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November 5, 2018

Peeling Under Eaves

    Generally, the elements have a deleterious relationship to exteriors, causing wear and damage that can end in [...]

November 5, 2018

General Contractor vs. DIY     

    Can you act as your own general contractor? Sure you can—though it's not really advisable. The general [...]

November 5, 2018

Let’s Talk Gutters

      What we're going to talk about now, as when we talk about gutter maintenance, is the [...]

November 5, 2018

Popcorn Ceilings

Popcorn Ceilings in Newton, MA

The heyday of popcorn ceilings was a thirty-year stretch of time between the late 1950s [...]
November 5, 2018

The Mystery of Peeling Paint

An estimator is a kind of investigator, the mystery of peeling paint a kind of detective story.That's one [...]

November 5, 2018

Blistering Paint

You know what paint blisters look like: suddenly your smooth finish looks like the surface of the moon, [...]

September 24, 2018

Thinking Green

We not only pride ourselves on producing the best quality work for your home, but we also offer our customers [...]
September 24, 2018

The Pitfalls of Refinishing Decks in Autumn

In "Sonnet 73, " Shakespeare wrote about the aging process, of being in the autumn of his life, and he [...]

    Generally, the elements have a deleterious relationship to exteriors, causing wear and damage that can end in costly repairs. Exposure to weather does, however, have one very positive effect: cleaning your surfaces naturally. The few exterior elements of your home that never benefit from that cleaning effect are the shaded spaces under your eaves, where dirt, grime, pollution, and—most importantly—sulfur dioxide accumulates.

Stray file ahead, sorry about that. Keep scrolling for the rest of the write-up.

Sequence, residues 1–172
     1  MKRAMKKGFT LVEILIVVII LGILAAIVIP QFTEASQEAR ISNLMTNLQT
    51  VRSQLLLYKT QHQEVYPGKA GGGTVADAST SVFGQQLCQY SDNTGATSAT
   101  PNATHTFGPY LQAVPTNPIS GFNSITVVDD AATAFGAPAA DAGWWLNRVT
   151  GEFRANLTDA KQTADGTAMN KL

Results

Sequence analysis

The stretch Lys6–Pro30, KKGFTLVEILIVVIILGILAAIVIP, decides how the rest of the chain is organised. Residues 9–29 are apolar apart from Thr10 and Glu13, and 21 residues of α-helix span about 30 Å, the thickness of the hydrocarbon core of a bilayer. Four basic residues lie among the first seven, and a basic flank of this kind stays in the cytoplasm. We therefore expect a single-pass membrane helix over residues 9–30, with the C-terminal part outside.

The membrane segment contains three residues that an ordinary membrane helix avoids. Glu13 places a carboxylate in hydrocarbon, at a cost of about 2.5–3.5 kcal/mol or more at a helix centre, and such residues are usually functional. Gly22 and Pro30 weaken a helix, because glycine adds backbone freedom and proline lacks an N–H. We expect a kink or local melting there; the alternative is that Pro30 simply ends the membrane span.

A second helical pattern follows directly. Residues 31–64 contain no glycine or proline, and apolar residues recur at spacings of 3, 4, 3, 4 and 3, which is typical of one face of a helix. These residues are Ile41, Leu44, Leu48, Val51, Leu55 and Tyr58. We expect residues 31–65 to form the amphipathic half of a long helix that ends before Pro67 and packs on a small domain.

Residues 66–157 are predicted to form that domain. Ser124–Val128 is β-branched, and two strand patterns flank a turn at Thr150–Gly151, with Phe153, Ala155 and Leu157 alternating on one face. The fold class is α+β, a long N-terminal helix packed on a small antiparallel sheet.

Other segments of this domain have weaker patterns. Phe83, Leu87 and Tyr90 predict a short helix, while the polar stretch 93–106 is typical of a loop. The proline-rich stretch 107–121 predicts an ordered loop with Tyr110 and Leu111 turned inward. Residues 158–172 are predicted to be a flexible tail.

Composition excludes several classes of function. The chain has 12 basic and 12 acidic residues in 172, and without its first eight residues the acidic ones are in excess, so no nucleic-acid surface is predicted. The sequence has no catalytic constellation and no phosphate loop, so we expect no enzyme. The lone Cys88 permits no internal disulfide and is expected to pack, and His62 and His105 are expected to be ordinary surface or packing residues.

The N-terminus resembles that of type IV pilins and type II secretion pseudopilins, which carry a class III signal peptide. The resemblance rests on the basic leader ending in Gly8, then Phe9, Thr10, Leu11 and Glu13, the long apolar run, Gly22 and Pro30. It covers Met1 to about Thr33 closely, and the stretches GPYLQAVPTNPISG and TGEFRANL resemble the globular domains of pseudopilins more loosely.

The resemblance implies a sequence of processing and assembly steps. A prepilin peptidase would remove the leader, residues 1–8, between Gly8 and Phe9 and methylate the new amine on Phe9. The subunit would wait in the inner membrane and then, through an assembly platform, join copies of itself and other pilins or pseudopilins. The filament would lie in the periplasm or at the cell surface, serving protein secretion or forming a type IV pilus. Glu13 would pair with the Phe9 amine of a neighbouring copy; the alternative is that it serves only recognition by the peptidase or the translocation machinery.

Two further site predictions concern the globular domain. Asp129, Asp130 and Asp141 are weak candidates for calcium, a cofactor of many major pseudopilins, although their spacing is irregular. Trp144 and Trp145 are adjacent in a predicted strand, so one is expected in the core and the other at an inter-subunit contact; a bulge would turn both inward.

You can’t get away from sulfur dioxide: it’s in the air. And what sulfur dioxide does that you need to know about is this: it leaves tiny, salt-like crystals on exterior surfaces. Those crystals are, unfortunately, rather problematic—particularly when they’ve been lingering under your eaves for a long time. If you’re looking for a reason why the paint in those protected, shady places are peeling, a good first suspect is improper surface preparation. If those salt deposits from the air weren’t removed prior to coating, it’s no surprise that your paint has started to peel.

    To take a short, science-based detour: your paint peels because the crystals draw moisture through the top coat, roughly the same way salt draws moisture into a piece of poultry. When that happens with chicken, you have a succulent bird; when it happens with paint, you get peeling and blistering—unlike poultry, paint should never be moist under the surface. So what do you do if the damage is already done? How do you deal with paint peeling under your eaves?

    A good solution is perhaps an obvious one, but we’ll say it anyway: repaint. But before doing that, you need to remember a few things to ensure a strong, long-lasting finish.

   First, clean the area you’re looking to repaint and let it dry. Second, scrape off any peeling paint and sand the surface down to the substrate, making sure to wipe it down and ensure that no dust from the sanding will get under your finish. Finally, before repainting, use a high-quality primer. Then apply your topcoat.

    Once your paint job is finished, just keep in mind that nothing is naturally cleaning the space under your eaves. If you want to maintain your smooth new topcoat, occasionally spray it down with a hose, and remember that those protected parts of your exteriors need, if anything, a little extra attention from time to time.

 

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